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The first thing you/he should do is look at the descriptors (http://www.legislation.gov.uk/uksi/2011/228/contents/made, Schedule 1) and decide if you think the award of 6 points is appropriate - if you read other ESA threads you will find that people are often given fewer points than they should receive.

 

Your son has 4 weeks from the date of the notice to query the result so this needs to be done quickly. You could also ring DWP and ask for a copy of the report - again, it's not unusual for people to think they've received someone else's report by mistake as the information recorded bears no resemblence to what was actually said.

 

If there's any chance that the assessment is wrong, then mandatory reconsideration (waste of time, but has to be done as part of the process) then an appeal should be the next step.


RMW

"If you want my parking space, please take my disability" Common car park sign in France.

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Hi,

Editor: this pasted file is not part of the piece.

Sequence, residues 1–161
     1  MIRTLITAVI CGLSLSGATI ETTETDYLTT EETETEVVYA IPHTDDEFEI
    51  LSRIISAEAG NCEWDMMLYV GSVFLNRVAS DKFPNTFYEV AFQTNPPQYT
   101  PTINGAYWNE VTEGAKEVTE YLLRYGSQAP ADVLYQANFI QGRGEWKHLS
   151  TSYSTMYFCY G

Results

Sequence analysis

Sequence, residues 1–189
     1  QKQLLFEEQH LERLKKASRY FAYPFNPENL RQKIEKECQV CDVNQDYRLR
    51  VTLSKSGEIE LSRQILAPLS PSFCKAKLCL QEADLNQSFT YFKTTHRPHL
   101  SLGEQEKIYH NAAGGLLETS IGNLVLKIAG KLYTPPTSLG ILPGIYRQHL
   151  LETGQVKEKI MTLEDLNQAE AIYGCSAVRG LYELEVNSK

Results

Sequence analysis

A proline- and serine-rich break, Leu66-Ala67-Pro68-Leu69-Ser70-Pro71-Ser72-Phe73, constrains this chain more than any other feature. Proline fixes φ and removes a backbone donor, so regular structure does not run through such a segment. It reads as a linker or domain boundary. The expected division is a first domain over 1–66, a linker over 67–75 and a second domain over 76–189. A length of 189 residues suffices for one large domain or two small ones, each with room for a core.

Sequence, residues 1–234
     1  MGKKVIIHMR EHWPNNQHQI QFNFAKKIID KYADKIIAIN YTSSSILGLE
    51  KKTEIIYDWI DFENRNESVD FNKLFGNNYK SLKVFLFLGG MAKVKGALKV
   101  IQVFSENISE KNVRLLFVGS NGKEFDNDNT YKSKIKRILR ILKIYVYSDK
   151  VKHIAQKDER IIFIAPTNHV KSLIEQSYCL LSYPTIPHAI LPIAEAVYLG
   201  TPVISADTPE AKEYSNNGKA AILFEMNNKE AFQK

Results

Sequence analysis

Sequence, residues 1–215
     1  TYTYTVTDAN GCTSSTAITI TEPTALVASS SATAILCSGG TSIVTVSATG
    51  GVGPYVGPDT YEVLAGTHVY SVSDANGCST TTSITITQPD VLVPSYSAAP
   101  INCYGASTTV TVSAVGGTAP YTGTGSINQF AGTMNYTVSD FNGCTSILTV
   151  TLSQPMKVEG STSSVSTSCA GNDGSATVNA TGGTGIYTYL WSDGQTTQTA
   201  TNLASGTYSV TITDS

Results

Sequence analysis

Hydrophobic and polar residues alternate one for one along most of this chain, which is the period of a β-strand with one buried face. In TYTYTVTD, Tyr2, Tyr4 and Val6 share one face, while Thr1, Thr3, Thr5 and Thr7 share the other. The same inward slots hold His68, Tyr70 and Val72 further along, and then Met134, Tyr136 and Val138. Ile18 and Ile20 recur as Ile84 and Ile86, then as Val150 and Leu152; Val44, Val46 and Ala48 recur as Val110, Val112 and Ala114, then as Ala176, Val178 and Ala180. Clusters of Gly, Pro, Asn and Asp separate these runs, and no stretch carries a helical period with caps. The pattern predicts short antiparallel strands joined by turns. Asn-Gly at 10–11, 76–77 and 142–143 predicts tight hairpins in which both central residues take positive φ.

My son had his work assessment earlier this year and he has just received his letter advising him that in the assessors opinion he is capable of work although the writer has recognised that he suffers from anxiety and depression this does not pose any risk to either himself or others in a work place. Where his 'illness' is more of the mind than the body he was able to demonstrate good mobility etc and therefore scored nothing.

 

So the question is where does he go from here, and which is the department most likely to be of assistance to him.

Will he be entitled to his housing benefit? will he have to reclaim that element of his monies? Same applies for council tax. Which living money would he be entitled too? UCredit/JSA/others?

 

Help much appreciated people, in advance.

 

Thanks to all.

swift640s (aka worried mum)

 

You have the option to ask for a reconsideration on the decision and thereafter if that fails an appeal swift640s.

 

Is your son on any medication for his condition, if, so, was this taking into consideration. SF

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I would say if he has been declared fit for work it will be JSA

 

It would be either JCA or Universal credit depends if UC has started in the area you live in, but I would also add has he asked for the Mandatory reconsideration of the ESA assessment results? Have you requested a copy of the report to make sure they have been honest and not left anything out?

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Thank you all so much for your advice's I will pass this on to him and see where it leads.

My concern is that JSA is criteria specific in so much as you must be actively seeking work daily and with mental health issues I am not sure he will meet that criteria... time will tell

 

thank you all

swift640s